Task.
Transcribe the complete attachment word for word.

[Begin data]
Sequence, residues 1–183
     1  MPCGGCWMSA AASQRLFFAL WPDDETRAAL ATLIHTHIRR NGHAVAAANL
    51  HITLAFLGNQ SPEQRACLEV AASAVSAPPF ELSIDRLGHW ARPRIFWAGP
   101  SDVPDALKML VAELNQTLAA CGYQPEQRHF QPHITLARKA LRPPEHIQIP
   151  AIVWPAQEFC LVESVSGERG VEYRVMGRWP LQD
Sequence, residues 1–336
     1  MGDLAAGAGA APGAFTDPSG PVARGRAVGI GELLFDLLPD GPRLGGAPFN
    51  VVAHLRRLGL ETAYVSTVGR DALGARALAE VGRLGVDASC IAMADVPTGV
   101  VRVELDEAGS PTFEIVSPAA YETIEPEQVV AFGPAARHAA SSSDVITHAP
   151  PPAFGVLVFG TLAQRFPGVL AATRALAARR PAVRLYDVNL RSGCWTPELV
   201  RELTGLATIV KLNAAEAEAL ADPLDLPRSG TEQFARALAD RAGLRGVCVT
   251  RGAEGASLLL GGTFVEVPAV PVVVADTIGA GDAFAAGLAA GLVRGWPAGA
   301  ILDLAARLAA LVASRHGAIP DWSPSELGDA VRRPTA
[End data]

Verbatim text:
Sequence, residues 1–183
     1  MPCGGCWMSA AASQRLFFAL WPDDETRAAL ATLIHTHIRR NGHAVAAANL
    51  HITLAFLGNQ SPEQRACLEV AASAVSAPPF ELSIDRLGHW ARPRIFWAGP
   101  SDVPDALKML VAELNQTLAA CGYQPEQRHF QPHITLARKA LRPPEHIQIP
   151  AIVWPAQEFC LVESVSGERG VEYRVMGRWP LQD
Sequence, residues 1–336
     1  MGDLAAGAGA APGAFTDPSG PVARGRAVGI GELLFDLLPD GPRLGGAPFN
    51  VVAHLRRLGL ETAYVSTVGR DALGARALAE VGRLGVDASC IAMADVPTGV
   101  VRVELDEAGS PTFEIVSPAA YETIEPEQVV AFGPAARHAA SSSDVITHAP
   151  PPAFGVLVFG TLAQRFPGVL AATRALAARR PAVRLYDVNL RSGCWTPELV
   201  RELTGLATIV KLNAAEAEAL ADPLDLPRSG TEQFARALAD RAGLRGVCVT
   251  RGAEGASLLL GGTFVEVPAV PVVVADTIGA GDAFAAGLAA GLVRGWPAGA
   301  ILDLAARLAA LVASRHGAIP DWSPSELGDA VRRPTA